Anne van Kesteren

Encodings: non-aliases of ISO-8859-1

Today I created a simple script that takes a list of 7- and 8-bit character encoding labels. It uses these labels for the resource containing the octets in the range %01-FF and then identifies which labels have a unique mapping to code points and which are duplicates of other labels. 7- and 8-bit encodings make for easy testing as there is a one-to-one mapping from byte to code point. At some point multibyte encodings have to be tested as well, but this makes for a pretty good start.

I found out that Internet Explorer treats the label "iso-8859-1" in a very special way. It is the only alias that maps to ISO-8859-1 over XMLHttpRequest. Indeed, "cp819", "latin1", "iso-ir-100", and others all map to Windows-1252 instead. I will have to test loading through an iframe tomorrow.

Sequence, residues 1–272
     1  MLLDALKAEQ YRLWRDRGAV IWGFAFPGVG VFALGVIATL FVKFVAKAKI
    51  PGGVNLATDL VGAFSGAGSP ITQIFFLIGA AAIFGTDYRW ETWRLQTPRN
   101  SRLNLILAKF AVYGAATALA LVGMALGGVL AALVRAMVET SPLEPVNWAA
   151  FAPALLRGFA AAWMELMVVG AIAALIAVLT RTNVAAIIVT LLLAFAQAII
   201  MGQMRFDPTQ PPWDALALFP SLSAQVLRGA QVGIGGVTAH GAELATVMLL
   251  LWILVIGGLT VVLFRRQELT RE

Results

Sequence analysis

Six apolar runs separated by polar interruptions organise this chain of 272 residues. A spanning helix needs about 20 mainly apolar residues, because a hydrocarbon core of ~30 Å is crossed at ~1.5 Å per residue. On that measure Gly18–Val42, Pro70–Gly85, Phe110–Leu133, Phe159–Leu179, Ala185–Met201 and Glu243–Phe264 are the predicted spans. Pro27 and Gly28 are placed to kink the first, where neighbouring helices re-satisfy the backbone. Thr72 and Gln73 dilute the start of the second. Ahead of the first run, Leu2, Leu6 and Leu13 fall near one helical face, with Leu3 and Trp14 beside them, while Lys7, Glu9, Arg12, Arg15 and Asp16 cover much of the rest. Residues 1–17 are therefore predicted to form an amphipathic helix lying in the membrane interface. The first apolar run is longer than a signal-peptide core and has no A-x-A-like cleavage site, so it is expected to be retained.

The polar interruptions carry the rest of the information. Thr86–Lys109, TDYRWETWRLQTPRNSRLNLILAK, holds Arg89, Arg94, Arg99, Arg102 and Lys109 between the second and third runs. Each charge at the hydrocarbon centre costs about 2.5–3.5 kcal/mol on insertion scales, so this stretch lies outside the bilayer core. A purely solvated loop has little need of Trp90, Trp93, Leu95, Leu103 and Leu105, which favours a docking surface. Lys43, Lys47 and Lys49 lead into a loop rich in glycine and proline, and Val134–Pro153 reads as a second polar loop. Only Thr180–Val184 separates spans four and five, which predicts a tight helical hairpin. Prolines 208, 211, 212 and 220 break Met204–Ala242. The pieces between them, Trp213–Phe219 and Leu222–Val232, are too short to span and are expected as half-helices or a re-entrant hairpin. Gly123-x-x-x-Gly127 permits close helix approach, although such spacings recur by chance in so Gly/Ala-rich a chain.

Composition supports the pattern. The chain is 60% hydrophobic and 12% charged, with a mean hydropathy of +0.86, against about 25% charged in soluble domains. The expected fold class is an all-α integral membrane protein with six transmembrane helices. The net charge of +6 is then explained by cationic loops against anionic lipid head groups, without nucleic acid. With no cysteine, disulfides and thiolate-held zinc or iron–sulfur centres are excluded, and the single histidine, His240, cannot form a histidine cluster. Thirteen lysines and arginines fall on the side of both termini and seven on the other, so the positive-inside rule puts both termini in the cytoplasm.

Overall the results show a lot of diversity among browsers. And therefore, I think, room for improvement. From the 212 labels I selected Opera gives 34 distinct encodings, Firefox 53, Chrome 28, Safari 46, and Internet Explorer 44. Messy. Next is increasing the amount of labels and finding a way to present the data so it becomes more clear where the bugs are.

(I plan on publishing these scripts when they are more stable. Feel free to contact me if you want to have them now.)